REPLY
@nohrt4me

Probably doesn't matter how I made my decision. Everyone has different ideas, fears, and circumstances.

If you are afraid of HU, it is helpful to tell your hemo EXACTLY why you don't want to take it. If you give some vague answer like, "I just don't like taking pills," or "I want to treat myself as naturally as possible," you will get set down as uncooperative and that won't help your doc-patient relationship. Not fair, but that's health care in America. My husband, who had a heart attack, has been balky with his cardiologists about taking pills, and they now think he's a nutbar.

Side effects of HU include gastric upsets, increased risk for skin cancers, leg ulcers (if you're on it for more than 20 years), mouth sores, hair thinning, skin and nail changes.

The fact is that your ET is not going to get better with diet and exercise (though doctors need to wake up and realize that these things really help!) and that platelet count really doesn't affect your clot risks. Patients can get massive clotting events even if their counts are in the 500s. Once platelets approach 1,000, you run the risk of Acquired Von Willebrands. Your clot risk is more dependent on type of mutation (JAK2 patients have the highest risk), age (if you're over 60), and whether you've had a previous clotting event. (You can look up something called the IPSET score, which is what docs use when they make the determination to recommend HU treatment. https://thehematologist.org/ipset-thrombosis/ )

Second opinions are always good!

So is asking your doctor if you are a good candidate for Pegasys (interferon), an alternate to HU that actually may retard progress of the ET, but is frightfully expensive, which might be why docs don't recommend it more.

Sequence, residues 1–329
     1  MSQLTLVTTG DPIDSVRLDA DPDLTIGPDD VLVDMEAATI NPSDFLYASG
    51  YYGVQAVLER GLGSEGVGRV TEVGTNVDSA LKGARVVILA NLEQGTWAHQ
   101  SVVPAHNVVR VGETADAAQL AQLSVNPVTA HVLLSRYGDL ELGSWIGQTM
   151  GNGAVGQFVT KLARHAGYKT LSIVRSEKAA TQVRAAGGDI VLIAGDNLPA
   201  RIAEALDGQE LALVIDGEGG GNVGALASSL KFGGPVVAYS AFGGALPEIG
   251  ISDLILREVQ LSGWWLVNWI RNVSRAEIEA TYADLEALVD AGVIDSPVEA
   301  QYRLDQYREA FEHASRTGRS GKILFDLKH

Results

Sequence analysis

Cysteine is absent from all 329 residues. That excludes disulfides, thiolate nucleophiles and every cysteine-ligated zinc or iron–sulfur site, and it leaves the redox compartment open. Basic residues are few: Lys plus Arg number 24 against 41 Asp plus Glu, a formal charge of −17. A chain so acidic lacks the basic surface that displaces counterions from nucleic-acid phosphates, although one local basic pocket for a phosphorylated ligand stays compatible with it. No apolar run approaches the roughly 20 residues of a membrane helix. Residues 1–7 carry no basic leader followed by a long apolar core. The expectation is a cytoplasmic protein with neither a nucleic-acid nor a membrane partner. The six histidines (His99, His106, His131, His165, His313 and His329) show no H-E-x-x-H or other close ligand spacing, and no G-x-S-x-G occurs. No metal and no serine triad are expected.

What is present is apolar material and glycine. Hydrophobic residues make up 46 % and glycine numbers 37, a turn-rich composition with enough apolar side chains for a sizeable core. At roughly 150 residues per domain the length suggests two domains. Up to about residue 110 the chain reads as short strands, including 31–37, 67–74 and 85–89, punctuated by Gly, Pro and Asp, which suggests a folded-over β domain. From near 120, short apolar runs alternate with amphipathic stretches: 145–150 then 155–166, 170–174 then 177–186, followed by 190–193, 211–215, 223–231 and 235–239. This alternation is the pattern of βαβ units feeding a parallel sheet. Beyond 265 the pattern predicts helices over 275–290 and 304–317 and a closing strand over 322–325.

It might be a better strategy to take a low-dose of HU now than to let them go sky high and have to take mega doses to reduce your platelets. My dad also had ET, didn't know it, and was hit with big doses of HU when his platelets went way over 1,000. He had bleeding episodes with that, and it was not fun.

I've been on HU for four years, 500 mg every day maintenance dose. I am doing OK.

I know this is all scary at first. After a few years, it gradually becomes more annoying than anything else. Most people live a normal lifespan and die of something else if they are treated properly.

Jump to this post

Thank you. I appreciate your feedback. I truly do not want to interfere with the patient/doc relationship. I get that. I have told him of my fears ( side effects and long-term use as I am 57 and looking to live as long as possible). I will be taking it somewhat soon, just needed to get through a bit more research and preparedness.

Thanks again, super helpful feedback.